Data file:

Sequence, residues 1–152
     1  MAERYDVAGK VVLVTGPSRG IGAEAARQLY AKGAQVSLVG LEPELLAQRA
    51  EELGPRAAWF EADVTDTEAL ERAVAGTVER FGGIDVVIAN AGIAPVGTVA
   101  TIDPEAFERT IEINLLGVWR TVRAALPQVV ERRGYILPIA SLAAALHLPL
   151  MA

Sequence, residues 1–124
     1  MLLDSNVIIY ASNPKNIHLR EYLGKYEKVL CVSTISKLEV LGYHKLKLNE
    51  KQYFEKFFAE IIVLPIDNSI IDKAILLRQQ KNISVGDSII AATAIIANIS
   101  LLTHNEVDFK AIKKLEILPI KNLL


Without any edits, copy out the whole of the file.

Sequence, residues 1–152
     1  MAERYDVAGK VVLVTGPSRG IGAEAARQLY AKGAQVSLVG LEPELLAQRA
    51  EELGPRAAWF EADVTDTEAL ERAVAGTVER FGGIDVVIAN AGIAPVGTVA
   101  TIDPEAFERT IEINLLGVWR TVRAALPQVV ERRGYILPIA SLAAALHLPL
   151  MA

Sequence, residues 1–124
     1  MLLDSNVIIY ASNPKNIHLR EYLGKYEKVL CVSTISKLEV LGYHKLKLNE
    51  KQYFEKFFAE IIVLPIDNSI IDKAILLRQQ KNISVGDSII AATAIIANIS
   101  LLTHNEVDFK AIKKLEILPI KNLL